Guest opinion: School safety is a collaborative effort

  • Wednesday, March 7, 2018 1:30am
  • Opinion

Dear student, parent/guardian, staff and community member,

Over the past several days, I have spoken with many of you about the recent shooting at Marjory Stoneman Douglas High School in Parkland, Fla. Certainly, our thoughts and well wishes go out to a community that is hurting from this horrific incident.

As dreadful as this event is, it does serve as an opportunity for us to review district safety plans and best practices through partnerships with local and regional emergency agencies. Safety is not negotiable. The staff at Sequim School District regard student safety as the highest priority.

For the past two years, our district worked on updating our Critical Incident Response Quick Guide. The guide, now complete and distributed, utilizes best practices as established by FEMA, regional and local first responders.

Our goal is to be able to react to emergencies proactively, including active shooter, fire, earthquakes, lock-downs and other serious safety issues.

One of the best practices, that does not cost a lot of money, is to empower students to report potential safety threats.

It is our goal to make certain students understand that reporting potential safety threats to an adult, either school personnel or a family member, will ensure that the matter will be investigated.

Creating a culture of trust, in which students feel safe reporting potential threats, still proves to be one of the most reliable ways to make schools safe.

In addition to empowering students to report threats, our district continues to collaborate with local and regional agencies. We are currently members of the City of Sequim Crisis Team and the Clallam County Sheriff’s Emergency Planning Team.

Our most visible enforcement is our School Resource Officer (SRO). Through combined efforts with Sequim Police Department, we have a full-time officer who has an office in the district.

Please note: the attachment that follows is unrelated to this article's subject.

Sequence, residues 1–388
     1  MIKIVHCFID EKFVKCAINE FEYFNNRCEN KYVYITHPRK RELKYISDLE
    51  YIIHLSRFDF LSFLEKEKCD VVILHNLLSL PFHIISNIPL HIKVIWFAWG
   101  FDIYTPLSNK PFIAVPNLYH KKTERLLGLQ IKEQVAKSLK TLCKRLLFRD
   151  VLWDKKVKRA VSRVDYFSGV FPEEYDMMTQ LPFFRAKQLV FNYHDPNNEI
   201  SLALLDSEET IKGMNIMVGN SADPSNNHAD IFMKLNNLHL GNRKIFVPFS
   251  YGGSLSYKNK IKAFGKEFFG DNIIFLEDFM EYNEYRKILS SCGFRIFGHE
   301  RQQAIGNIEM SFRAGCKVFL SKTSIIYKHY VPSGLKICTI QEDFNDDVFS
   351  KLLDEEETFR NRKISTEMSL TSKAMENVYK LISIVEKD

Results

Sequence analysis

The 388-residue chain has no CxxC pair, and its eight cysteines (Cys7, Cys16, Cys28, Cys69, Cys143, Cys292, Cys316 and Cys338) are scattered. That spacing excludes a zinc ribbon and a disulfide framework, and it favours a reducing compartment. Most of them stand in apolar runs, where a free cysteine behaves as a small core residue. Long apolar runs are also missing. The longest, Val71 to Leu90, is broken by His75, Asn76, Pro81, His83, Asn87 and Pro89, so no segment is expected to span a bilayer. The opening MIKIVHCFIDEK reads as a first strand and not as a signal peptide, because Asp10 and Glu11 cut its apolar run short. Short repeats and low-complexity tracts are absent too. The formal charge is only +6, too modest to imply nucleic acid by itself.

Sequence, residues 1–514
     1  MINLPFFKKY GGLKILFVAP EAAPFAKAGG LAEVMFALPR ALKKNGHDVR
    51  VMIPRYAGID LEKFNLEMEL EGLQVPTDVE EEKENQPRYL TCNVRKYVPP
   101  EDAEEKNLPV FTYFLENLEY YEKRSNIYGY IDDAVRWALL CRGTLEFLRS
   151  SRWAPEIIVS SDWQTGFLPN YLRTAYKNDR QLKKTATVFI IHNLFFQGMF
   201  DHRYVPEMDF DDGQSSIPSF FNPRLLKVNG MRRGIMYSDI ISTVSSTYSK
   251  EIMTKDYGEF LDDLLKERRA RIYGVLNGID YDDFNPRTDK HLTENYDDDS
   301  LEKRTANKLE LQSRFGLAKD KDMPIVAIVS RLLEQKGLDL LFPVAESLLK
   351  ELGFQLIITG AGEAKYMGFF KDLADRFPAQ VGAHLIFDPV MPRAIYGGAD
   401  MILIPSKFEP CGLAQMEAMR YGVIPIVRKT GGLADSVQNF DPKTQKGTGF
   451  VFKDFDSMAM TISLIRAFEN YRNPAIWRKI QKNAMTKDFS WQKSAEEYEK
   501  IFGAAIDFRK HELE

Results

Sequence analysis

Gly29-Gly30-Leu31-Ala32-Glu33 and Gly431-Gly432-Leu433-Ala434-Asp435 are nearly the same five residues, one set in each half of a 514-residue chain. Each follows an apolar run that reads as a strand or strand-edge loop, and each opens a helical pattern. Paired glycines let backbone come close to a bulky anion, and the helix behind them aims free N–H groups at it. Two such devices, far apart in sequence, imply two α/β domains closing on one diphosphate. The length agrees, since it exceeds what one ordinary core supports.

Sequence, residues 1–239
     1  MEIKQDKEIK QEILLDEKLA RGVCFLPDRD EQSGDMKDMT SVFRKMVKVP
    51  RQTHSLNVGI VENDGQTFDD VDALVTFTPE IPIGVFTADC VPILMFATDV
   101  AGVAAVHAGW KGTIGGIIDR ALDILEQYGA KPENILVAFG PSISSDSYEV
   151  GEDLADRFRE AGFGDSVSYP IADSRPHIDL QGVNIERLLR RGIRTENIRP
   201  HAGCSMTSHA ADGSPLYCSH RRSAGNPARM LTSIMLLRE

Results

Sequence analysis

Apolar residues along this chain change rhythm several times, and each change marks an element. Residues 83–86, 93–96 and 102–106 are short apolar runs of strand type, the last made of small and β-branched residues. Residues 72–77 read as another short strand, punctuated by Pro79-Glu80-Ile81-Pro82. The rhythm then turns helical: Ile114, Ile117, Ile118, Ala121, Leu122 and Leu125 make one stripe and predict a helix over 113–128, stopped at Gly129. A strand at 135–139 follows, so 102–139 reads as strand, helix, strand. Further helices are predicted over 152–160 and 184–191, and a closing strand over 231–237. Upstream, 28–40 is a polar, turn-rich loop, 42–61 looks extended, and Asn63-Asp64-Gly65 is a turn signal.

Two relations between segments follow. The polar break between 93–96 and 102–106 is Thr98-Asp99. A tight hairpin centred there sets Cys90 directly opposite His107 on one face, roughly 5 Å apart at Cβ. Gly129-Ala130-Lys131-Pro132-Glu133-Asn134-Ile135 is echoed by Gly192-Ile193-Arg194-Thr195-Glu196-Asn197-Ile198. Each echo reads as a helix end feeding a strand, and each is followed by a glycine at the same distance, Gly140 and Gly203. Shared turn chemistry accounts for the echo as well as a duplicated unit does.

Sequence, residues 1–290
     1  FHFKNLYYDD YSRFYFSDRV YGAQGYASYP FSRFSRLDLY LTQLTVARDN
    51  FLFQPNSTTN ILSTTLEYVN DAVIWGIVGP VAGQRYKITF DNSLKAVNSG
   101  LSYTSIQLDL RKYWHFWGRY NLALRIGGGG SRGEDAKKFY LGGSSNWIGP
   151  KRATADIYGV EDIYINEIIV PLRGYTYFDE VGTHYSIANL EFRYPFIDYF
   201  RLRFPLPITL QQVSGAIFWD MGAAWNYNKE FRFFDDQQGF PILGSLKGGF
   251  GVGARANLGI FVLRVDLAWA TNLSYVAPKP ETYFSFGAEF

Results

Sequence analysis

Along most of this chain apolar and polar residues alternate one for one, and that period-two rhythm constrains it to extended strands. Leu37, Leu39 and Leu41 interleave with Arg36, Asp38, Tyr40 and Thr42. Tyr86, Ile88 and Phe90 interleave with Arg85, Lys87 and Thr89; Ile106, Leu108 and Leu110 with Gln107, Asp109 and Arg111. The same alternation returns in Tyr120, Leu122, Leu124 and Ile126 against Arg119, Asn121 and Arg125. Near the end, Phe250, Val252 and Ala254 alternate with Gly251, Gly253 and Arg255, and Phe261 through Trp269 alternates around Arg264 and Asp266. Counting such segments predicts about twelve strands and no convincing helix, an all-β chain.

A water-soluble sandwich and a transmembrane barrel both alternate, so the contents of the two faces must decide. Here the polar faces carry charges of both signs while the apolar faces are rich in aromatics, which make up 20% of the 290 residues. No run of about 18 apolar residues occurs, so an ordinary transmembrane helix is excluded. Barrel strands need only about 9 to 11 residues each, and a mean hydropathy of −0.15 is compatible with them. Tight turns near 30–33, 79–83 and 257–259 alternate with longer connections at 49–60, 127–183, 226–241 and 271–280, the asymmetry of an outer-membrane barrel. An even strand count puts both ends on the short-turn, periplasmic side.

Having the SRO in the district throughout the day increases safety and security, as well as affords us the opportunity to access other local and regional agencies quickly, if needed.

Through a safety grant, we were able to upgrade some of our radio communication devices. The upgrade made it possible to replace some of our outdated devices that had very limited and remote capacity.

Again, advice and guidance from our SRO in the search for the best communication devices, was invaluable.

Of course, we will continue to look for ways to improve on district infrastructure. The time will come when we will be able to renovate existing buildings to meet 21st-century requirements for learning as well as safety.

Making sure that our students feel safe in school is a goal that has no finish line and it is our promise to you.

Gary Neal is superintendent of the Sequim School District.

More in Opinion

Letters to the editor — Dec. 5, 2018

Do right by our youth with new field Nathalie Torres worked hard… Continue reading

Guest opinion: On civility and power, Part II

How can we have civil conversations about complicated issues? What specific steps… Continue reading

Think About It: Light, dark sides of giving

I thought I’d better write this column early in the season, lest… Continue reading

From the Back Nine: Unexpected pride

I’ve been thinking about Pride. Not a pride of lions, or “Pride… Continue reading

Guest opinion: Move forward on water quality standards

In an unfortunate reversal, the U.S. Environmental Protection Agency has decided to… Continue reading

Guest opinion: Tribes release habitat recovery strategy

“As the salmon disappear, so do our cultures and treaty rights. We… Continue reading

Guest opinion: A billion here, a billion there …

Fifty billion dollars. It will soon be the subject of many conversations… Continue reading

Guest opinion: Reducing wildfire risk is imperative

While massive wildfires are historic, they are more dangerous today. As our… Continue reading

Guest opinion: Costs matter in hiring

While both sides argue over the merits of Seattle’s escalating minimum wage,… Continue reading

Most Read